AusCycling | BMX for Life: Pilot program aims to provide young people with social tools for life

BMX for Life: Pilot program aims to provide young people with social tools for life

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Informal engagement sessions at BMX parks where young riders learn social and communication skills that last a lifetime.

This is the vision of BMX for Life, a research project currently being undertaken by Dr Dave Camilleri at the University of Melbourne.

By combining data from existing literature with insights gathered from focus groups and surveys from hundreds of BMX riders, Dr Camilleri hopes to generate an educational toolkit that provides support to young BMX riders.

“Ultimately, we would like to develop a BMX-centric social and emotional learning program that can be applied in any context in BMX, such as in a race context, in a skate park context, and in a dirt jump trails context, with slight variations,” Camilleri explained.

“Where I see this possibly going is like on a Saturday morning at council jumps, just having some older mentors hanging out with younger guys or girls, and just really loosely having this program. It's not something necessarily where they’re sitting down and doing stuff; this research is about figuring out what's going to work for those young people in that setting.”

Program content would potentially cover aspects such as self-regulation, resilience, creativity, effective communication skills, and well-being and mental health across a range of social settings, with the surveys and focus groups playing an important consultation role in the development of the toolkit.

“It's really important that we just don't talk about but also talk with, and so that's where we're at now with the work we're doing with the surveys and focus groups; to set up this foundation of knowledge for the sport,” Camilleri said.

BMX for Life

Camilleri added that while the findings will be presented in academic conferences and journals, the research is primarily “stakeholder facing,” with the plan to publish a “plain language summary” of initial findings on social media later this year, before developing a pilot education program that runs over several weeks.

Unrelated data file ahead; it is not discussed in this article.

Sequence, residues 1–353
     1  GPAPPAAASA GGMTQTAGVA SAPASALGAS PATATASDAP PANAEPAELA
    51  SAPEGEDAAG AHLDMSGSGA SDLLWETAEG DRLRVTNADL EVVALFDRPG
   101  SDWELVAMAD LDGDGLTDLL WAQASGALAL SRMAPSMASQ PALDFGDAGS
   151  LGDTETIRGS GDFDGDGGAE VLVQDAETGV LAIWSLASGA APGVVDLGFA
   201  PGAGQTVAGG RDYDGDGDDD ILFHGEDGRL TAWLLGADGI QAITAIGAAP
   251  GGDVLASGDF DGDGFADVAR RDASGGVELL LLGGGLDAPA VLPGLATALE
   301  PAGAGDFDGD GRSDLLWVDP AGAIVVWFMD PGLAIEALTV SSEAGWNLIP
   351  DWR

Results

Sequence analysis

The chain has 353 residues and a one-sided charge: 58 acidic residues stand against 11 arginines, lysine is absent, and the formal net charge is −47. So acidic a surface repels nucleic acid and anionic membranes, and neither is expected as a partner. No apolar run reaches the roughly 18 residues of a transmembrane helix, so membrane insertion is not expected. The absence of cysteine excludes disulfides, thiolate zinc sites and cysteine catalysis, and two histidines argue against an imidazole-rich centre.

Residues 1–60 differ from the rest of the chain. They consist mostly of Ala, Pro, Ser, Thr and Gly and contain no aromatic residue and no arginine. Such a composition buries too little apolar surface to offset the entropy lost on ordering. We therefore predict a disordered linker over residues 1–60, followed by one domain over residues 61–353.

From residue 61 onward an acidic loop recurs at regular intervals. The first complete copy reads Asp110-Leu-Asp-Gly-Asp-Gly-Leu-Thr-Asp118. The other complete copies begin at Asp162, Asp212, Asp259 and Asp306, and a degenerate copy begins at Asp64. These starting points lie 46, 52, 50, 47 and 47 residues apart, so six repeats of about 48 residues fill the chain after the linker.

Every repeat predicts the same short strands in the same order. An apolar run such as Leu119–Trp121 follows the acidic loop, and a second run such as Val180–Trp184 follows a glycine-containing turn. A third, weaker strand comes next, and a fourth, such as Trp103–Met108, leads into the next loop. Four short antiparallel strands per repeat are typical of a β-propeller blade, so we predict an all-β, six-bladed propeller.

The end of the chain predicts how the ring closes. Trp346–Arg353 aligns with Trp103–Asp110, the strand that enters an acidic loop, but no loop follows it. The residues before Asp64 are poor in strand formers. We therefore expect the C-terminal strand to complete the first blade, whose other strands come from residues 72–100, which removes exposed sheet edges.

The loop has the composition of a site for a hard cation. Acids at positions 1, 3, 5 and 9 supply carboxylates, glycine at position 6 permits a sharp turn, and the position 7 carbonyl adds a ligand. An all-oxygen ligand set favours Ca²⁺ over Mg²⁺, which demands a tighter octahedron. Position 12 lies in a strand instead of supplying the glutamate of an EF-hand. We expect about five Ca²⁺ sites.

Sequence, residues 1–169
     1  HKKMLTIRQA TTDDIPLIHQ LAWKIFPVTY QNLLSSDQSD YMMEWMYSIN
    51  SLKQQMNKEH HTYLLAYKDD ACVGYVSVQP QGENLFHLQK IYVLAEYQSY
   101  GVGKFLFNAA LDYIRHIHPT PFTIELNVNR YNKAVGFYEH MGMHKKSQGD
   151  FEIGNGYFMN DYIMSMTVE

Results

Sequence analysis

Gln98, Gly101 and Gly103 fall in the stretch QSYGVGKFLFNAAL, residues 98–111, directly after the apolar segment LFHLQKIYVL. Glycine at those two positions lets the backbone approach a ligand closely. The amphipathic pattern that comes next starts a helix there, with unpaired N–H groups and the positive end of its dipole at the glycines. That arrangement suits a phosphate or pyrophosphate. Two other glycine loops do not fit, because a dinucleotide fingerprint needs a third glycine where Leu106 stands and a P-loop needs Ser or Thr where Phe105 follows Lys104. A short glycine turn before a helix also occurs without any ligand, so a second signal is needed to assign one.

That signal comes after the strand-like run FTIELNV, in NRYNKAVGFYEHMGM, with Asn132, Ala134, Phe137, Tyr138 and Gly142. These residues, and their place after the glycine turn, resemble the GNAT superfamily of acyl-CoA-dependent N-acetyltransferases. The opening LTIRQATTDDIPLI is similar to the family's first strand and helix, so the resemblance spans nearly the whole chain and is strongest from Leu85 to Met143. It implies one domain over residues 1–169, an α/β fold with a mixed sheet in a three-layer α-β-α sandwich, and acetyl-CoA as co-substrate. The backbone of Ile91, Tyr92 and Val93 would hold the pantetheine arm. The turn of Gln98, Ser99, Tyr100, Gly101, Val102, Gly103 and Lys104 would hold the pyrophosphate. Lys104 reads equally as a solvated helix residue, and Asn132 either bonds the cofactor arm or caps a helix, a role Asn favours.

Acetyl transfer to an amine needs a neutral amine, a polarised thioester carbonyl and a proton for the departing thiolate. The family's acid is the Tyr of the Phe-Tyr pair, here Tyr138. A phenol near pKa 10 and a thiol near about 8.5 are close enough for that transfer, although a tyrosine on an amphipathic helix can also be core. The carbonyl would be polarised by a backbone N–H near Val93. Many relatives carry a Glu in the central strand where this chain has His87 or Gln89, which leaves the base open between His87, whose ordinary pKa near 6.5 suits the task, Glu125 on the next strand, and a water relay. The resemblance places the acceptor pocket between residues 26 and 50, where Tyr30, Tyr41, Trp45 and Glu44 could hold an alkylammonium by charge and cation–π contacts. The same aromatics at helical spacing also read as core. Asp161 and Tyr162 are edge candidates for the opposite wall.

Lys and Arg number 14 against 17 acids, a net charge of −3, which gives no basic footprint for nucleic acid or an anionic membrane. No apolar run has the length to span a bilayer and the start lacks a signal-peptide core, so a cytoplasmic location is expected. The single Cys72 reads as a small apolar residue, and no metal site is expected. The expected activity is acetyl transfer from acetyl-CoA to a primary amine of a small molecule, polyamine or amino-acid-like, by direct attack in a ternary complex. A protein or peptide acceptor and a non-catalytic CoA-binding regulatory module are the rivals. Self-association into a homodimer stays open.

“We’ll run a pilot of it hopefully in 2024 starting from Victoria, and it would be something that happens on a specific site and maybe have 10 young people,” Camilleri said.

“It's not about getting the riders there and saying to them, ‘You've got to do this,’ or ‘You’ve got to do that.’ It’s really getting them to look at their skills within a specific context and to sometimes practice those skills and work in teams, giving each other feedback and actually helping each other.”

Dr Camilleri’s belief in the need for such a program is based on his own experiences growing up in the north-western suburbs of Melbourne in the mid-1990s, with Camilleri saying he never really engaged at high school and instead began building his own jumps as a way to stay out of trouble.

It wasn’t until adult life that Camilleri found an interest in higher education, which in turn planted the seed for the BMX for Life project.

“I initially did a PhD on disengaged young people and predominantly secondary school students, and what I found was that a lot of students who disengaged in school really prefer informal learning contexts, where there aren’t adults necessarily and it’s a bit more open and they’ve got more agency,” Camilleri explained.

“[With BMX], there's a lot of kids who ride on their own, or they just ride to get away from adults. And so, it made me think about BMX and the place it creates for a lot of young people. I thought, ‘Well, what has been done on this from an academic perspective?’ So, I applied for a research grant, and we started to investigate what is out there in terms of the literature.”

BMX for Life

Early investigation into the literature has revealed BMX research has progressed from an early focus on injury and trauma towards an emphasis on professionalisation and performance, but Dr Camilleri feels little is known about the distinctiveness of the BMX community.

“We want to, in some part put BMX on the map of the academic world for its richness. There’s the physical health, the identity, the connectedness, the connection to place. There are so many things that it can be really good for, for young people and even older people. It would be really nice just to get some positive stuff out there,” Camilleri said.

Another potential outcome is to distil the findings into a “racing manual for coaches or a selection team”, and Camilleri also hopes the lessons learned by riders in the program could help forge them into elite athletes of the future.

“How do we best prepare young people for their future ahead? This is where I emphasise social and emotional learning and having those skills like communication and self-regulation, and using your creativity. These sorts of things are just so important, and I think BMX can be a vehicle for that.”

For more information, contact Dr Camilleri on 0400 048 644 or [email protected] Participate in the survey here.


Photos: Dave Camilleri

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